On the other hand, impossible to let that pass:
dedeleco wrote:Every word from chatelot16 is worth its weight of advice to listen to, no offense to Kenny-k [Flytox Moderation] who says without anything all around and shows photos with buildings, etc ... !!
Yes aluminum is vicious with lots of dead like
as a result of metal fatigue on thousands of small tremors
"these accidents are due to metal fatigue":
https://fr.wikipedia.org/wiki/Fatigue_% ... %A9riau%29
much more serious for aluminum than for steel !!
The wind is very tiring.
Finally, the eddies and whirlpools even at 2 times higher are still disruptive by reducing the efficiency, on a wind turbine, which moreover has an inefficient regulator, which amplifies the speed oscillations instead of stabilizing them !!.
The fine blades are for a steady wind at a fixed speed with a very fixed direction and the slightest fluctuation or direction of a few degrees destroys the yield.
uh no, very bad example and totally false:
At 10'000m altitude (-50 ° C):
- the ferritic structure of iron would become brittle (much more than metal)
- annealed ferritic steels, would suffer from elastic limit anomalies, they would threaten to fall apart (necking).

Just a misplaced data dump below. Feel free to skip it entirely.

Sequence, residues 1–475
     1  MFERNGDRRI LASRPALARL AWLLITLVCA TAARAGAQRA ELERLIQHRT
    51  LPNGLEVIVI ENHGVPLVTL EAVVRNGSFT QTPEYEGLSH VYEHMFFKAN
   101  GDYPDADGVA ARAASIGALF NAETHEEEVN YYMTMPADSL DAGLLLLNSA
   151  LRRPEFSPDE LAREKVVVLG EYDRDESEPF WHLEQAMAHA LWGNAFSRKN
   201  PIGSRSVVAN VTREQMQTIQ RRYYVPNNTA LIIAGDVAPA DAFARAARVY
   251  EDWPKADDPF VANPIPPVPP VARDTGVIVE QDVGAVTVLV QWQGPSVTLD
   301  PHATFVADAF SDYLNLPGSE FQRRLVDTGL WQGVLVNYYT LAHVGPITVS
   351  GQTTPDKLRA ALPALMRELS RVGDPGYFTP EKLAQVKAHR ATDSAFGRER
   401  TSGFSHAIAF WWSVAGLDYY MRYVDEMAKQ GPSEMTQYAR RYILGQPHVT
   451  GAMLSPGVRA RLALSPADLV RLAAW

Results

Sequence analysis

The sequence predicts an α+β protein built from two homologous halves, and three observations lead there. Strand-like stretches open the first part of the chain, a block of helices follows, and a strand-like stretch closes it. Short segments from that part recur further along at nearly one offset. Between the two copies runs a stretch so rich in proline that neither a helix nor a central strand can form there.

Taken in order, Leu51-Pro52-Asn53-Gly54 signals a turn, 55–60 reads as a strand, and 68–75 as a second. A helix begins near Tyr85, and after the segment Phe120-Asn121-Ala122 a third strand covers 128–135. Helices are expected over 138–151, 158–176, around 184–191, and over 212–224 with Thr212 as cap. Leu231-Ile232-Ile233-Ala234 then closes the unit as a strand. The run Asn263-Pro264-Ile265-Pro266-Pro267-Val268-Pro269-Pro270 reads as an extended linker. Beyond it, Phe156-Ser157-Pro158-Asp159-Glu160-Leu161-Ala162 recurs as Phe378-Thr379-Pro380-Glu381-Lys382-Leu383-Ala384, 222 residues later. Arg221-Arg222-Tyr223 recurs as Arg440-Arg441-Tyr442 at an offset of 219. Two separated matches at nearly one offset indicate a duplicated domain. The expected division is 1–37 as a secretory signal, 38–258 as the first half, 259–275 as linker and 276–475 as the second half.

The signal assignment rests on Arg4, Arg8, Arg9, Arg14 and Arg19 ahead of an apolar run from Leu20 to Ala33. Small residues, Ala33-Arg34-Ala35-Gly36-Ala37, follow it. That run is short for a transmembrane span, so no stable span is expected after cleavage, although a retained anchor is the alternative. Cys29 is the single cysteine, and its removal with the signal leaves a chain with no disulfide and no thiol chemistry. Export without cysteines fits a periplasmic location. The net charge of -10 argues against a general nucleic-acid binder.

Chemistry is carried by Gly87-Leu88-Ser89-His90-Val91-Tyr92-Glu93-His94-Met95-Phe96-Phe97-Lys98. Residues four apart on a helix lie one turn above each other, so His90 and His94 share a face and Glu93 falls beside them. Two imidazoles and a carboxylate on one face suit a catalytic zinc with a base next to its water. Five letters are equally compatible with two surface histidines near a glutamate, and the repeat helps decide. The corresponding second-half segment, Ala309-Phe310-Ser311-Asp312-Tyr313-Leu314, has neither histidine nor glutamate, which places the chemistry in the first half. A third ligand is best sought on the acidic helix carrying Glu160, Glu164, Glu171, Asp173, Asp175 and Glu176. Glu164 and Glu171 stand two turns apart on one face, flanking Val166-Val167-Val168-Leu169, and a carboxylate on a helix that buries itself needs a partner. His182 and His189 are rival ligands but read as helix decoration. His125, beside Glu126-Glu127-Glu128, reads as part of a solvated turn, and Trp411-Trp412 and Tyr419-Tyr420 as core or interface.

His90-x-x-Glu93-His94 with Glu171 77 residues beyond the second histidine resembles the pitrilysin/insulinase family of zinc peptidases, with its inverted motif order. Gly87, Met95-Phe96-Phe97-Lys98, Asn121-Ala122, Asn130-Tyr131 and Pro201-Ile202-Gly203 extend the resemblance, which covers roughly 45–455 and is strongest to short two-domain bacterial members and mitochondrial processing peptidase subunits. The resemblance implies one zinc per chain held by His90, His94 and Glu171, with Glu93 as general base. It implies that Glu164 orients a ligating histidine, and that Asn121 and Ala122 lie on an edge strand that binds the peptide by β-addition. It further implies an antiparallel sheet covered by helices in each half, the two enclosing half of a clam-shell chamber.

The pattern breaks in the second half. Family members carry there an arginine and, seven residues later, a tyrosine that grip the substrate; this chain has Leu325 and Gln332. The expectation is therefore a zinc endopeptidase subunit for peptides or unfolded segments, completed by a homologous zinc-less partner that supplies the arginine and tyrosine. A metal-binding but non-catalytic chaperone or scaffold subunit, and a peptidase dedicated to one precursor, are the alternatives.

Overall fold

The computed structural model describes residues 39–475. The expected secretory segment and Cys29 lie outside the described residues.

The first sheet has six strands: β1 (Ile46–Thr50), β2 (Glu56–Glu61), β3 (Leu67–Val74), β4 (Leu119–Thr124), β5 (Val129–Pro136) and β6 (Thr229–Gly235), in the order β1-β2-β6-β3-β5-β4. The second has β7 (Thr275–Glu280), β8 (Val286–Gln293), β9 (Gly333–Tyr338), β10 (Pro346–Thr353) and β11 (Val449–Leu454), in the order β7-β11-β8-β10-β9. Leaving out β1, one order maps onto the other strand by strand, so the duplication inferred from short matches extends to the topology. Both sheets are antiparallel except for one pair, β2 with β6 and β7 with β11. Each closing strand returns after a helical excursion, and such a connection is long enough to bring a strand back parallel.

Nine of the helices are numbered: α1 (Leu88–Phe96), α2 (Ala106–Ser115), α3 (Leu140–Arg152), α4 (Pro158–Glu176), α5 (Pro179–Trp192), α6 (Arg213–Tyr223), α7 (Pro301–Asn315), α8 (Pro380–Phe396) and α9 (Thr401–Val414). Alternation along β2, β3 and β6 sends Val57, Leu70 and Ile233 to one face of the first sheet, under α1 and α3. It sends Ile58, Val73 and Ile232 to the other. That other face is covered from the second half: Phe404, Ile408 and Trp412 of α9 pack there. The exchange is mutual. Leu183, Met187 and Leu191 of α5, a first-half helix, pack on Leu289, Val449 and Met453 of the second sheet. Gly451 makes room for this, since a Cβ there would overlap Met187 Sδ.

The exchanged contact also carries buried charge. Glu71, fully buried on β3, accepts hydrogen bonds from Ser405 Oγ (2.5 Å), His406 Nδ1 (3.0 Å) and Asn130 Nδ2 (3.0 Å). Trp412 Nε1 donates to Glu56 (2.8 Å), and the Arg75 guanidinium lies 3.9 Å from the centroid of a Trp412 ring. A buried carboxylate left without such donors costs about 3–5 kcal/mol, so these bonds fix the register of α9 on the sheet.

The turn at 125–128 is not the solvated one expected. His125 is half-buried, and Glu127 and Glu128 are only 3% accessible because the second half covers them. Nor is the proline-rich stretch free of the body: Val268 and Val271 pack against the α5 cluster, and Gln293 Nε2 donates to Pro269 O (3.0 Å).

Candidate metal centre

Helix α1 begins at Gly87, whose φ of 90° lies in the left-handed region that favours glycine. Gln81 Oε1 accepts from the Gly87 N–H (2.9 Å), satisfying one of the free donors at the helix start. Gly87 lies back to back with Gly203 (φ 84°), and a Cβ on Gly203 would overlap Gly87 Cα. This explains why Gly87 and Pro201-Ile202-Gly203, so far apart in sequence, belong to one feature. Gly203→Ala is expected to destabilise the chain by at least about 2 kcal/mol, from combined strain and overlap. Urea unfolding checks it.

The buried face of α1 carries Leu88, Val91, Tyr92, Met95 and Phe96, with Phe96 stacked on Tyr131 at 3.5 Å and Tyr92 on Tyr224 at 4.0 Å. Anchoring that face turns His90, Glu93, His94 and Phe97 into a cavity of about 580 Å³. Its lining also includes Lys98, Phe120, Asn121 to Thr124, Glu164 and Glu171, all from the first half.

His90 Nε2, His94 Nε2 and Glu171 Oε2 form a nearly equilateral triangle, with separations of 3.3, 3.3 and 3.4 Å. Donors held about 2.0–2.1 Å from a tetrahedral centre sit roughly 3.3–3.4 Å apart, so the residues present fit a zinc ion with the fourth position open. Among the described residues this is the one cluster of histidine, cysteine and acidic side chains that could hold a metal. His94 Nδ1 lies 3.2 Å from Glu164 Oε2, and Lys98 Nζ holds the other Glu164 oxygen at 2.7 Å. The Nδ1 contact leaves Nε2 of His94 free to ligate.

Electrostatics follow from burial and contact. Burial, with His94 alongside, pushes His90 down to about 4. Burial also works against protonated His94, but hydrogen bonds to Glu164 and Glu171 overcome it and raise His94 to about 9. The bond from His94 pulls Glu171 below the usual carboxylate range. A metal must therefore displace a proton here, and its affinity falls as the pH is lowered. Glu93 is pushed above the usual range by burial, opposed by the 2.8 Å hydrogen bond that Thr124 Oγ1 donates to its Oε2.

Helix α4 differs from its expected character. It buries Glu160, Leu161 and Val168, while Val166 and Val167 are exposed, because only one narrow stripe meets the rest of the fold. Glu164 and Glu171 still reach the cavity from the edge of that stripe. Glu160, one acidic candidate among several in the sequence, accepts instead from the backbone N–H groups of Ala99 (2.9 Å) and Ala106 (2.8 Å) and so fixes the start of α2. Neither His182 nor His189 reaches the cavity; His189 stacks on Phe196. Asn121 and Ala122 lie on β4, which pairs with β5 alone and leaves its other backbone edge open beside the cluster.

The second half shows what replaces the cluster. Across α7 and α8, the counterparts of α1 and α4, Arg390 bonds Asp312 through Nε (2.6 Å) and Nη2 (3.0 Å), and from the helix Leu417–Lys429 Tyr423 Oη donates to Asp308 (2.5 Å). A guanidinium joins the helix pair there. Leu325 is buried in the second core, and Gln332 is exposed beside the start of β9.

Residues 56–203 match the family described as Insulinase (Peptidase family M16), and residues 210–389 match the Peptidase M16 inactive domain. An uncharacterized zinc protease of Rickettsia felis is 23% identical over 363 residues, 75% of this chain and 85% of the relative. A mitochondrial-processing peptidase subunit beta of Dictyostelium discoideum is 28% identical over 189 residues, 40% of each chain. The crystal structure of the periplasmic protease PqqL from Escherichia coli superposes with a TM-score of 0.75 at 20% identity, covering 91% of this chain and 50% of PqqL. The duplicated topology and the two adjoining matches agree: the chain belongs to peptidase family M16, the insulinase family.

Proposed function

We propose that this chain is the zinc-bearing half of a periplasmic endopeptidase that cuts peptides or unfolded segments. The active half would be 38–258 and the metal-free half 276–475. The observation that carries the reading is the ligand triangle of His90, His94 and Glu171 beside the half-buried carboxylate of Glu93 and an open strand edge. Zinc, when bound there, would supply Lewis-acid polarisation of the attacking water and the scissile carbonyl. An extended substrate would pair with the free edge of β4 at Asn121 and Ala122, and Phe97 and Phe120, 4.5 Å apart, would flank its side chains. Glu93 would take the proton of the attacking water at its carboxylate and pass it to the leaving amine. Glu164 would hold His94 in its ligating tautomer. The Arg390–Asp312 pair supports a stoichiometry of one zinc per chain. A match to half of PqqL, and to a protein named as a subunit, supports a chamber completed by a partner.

- only austenitic steels remain ductile.
So the metal is quite unusable at altitude for a structure (compared to aluminum), moreover, when the temperature rises, the resistance of the metals decreases. Aluminum, it gradually lengthens ...
For the elastic limit (that which concerns the mats in the case of this wire) aluminum, iron, magnesium and titanium are in the same category (best performing metals 269 N.mm.Kg-1).
Aluminum alloys are even better in mechanical characteristics than ordinary steels (for a density near 3x less 2,7 Kg / dm3 VS) ... It is therefore not a heresy to make an aluminum mat if the '' we expect that the metal will have to absorb the stresses due to its own weight! otherwise [Flytox Moderation] the mast is an assembly of three uprights assembled by a structure of cremona sketch >>> which gives the whole a titanic resistance almost indestructible. So your words are big salad.
Indeed, it is not therefore:
1) that the metal is free from fatigue problems (on the contrary, see above).
2) that the choice of aluminum would have been inappropriate (otherwise they would not have made any changes they would have changed the alloy.)
To set an admissible fatigue limit (σf), this is calculated taking into account the maximum stresses in service + safety factor.
The fatigue of the aluminum in the case of this airplane, was therefore manifested because of a bad sizing at the point of rupture which placed the part "beyond the admissible threshold" known - and not because the aluminum would have been inappropriate or because of the fatigue of the aluminum relating to its aging - every day airliners are subjected to extreme stresses, rising to approx. 10 meters above sea level and descending at temperatures up to> + 000 ° C, even several times a day without damage. Going from tropical temperatures on the ground, to temperatures of -40 ° C at cruising altitude, reaching ∆ ° of nearly 50 ° C without worry and this for decades ...